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Beyond the rails: mapping the development, cultural and community impact of the new Green Line

The $957 million light-rail project is proving a catalyst for rejuvenating the once vibrant, 11-mile spine connecting the Twin Cities.

Photo by Kyle Mianulli
Planners attribute $2.5 billion in new development to the Green Line.

The cranes and construction sites currently lining the Central Corridor, where Metro Transit’s light-rail Green Line opens on Saturday, are ushering in a new chapter in University Avenue’s dynamic history. More than providing a convenient, environmentally friendly transit option, the $957 million light-rail project is proving a catalyst for rejuvenating the once vibrant, 11-mile spine connecting the Twin Cities.

Planners and legislators have been focused on development beyond the rails as much as the Green Line itself. What’s emerged is a blueprint for a denser, thriving center of commercial, economic and cultural activity organized around light-rail transit stations. This vision, as described in the Central Corridor Development Strategy, states that:

“The Central Corridor will build on its assets to become a place that has stronger businesses, more vibrant neighborhoods, and more beautiful urban places. Along University Avenue and in the downtowns, the corridor will invite residents, shoppers, employees and visitors to linger on safe, pedestrian-friendly, attractive tree-lined boulevards; establish a home and sense of community in stable and diverse neighborhoods; and work and invest in an area that provides a range of employment and economic opportunities.”

The degree to which that vision will be realized remains to be seen. But development is under way. And planners are manifesting clear ideas of how they hope to achieve the revitalization of the Twin Cities’ storied corridor with transit — and the communities building themselves up in its wake.

Industrial past to a transit-oriented future

The vacant lots currently dotting University Avenue are relics of the Central Corridor’s past lives. It’s no longer the bustling manufacturing and industrial hub it was during the early and middle part of the last century, when the streetcar system pulsed life through the main vein between the Twin Cities.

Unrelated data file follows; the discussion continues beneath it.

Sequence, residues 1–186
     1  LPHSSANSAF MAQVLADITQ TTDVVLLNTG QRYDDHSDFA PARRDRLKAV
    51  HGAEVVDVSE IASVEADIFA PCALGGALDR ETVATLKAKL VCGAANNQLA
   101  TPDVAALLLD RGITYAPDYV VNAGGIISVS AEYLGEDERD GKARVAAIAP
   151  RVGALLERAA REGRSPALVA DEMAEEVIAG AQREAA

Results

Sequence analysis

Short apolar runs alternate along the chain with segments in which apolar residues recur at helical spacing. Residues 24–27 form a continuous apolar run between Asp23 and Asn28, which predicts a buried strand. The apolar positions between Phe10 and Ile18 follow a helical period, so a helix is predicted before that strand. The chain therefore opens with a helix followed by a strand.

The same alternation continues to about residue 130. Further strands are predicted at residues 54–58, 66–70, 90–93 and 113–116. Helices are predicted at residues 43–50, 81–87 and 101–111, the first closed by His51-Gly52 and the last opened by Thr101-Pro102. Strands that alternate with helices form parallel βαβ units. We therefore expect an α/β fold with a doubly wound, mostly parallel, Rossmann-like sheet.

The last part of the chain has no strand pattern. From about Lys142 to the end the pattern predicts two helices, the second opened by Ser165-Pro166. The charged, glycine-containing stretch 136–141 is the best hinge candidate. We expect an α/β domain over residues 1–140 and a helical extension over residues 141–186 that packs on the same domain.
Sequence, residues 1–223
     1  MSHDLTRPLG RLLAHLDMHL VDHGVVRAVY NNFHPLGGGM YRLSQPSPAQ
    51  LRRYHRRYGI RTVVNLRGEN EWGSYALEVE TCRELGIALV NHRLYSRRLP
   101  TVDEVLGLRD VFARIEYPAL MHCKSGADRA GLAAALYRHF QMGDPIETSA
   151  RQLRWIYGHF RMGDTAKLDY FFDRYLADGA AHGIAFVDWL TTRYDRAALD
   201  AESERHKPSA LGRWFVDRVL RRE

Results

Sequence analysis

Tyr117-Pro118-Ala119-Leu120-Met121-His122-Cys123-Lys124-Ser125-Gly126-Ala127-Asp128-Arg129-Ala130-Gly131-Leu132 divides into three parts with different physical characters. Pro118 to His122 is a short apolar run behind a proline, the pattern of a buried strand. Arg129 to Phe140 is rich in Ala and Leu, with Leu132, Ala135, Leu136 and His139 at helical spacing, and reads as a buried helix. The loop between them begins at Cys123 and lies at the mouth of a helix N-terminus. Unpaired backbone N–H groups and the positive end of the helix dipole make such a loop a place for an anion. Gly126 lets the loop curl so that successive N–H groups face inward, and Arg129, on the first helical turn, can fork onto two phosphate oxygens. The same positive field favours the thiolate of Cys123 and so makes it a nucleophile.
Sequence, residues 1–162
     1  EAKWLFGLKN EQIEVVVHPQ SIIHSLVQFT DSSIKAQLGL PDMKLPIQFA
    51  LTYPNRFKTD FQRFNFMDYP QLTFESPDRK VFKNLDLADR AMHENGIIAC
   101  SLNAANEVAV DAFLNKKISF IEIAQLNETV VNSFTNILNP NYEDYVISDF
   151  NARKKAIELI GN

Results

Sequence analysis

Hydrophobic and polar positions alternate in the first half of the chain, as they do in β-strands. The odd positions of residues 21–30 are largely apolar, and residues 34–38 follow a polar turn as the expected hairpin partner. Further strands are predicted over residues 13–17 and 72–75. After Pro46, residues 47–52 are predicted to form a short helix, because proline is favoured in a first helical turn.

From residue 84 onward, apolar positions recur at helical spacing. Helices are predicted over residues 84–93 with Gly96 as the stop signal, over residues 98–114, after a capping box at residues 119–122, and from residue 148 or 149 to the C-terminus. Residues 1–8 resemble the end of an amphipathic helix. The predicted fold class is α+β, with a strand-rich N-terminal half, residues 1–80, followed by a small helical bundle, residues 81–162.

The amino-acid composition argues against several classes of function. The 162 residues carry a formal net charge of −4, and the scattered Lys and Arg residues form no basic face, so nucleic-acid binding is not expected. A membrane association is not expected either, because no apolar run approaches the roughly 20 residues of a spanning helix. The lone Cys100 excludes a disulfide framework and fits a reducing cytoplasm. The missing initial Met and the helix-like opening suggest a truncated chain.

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Companies like Brown and Bigelow Co., and Montgomery Ward once complemented large-scale industrial operations like the Snelling Bus Barns and the Minnesota Transfer Railway Yards. Together these businesses offered a steady stream of employment and economic activity to support a booming region between the cities’ two downtowns.

Photo by Kyle Mianulli
Construction along the Green Line

Today, planners argue, transit-oriented development is the key to revitalization. Transit-oriented development is the idea that by encouraging denser commercial and residential development that also caters to pedestrians and public transit riders, more self-sustaining and successful communities will result.

By pushing transit-oriented development along the Central Corridor, planners are envisioning a new life for the area: A place where residents live and play close to where they work, enjoy ample and bright public spaces, and most of all, rely on public transit to get around.

Planners have drawn inspiration from areas like the Pearl District in Portland, Oregon, and in San Francisco where major transit investments and intentional transit-oriented development have gone hand-in-hand.

“The experience across the country is that creating successful transit-oriented development takes not just transit, but the real commitment to create successful places,” says Adam Harrington, director of Service Development at the Metropolitan Council. “With the Green Line, we are really living that out.”

Planners have not been bashful about encouraging this type of development. A new zoning code in St. Paul — TN4 — allows for greater height and density, as well as eliminating minimum parking requirements in certain areas around light-rail stations.

Most of the more than $80 million in public funding dedicated to development along the Green Line appears to be going to transit-friendly projects like the Project for Pride in Living’s Hamline Station complex. The new complex consists of two 4-story buildings with 108 affordable housing units on top and retail on the bottom, as well as an outdoor public plaza fronting the station.

Courtesy of UrbanMSP
Hamline LRT station and Project for Pride in Living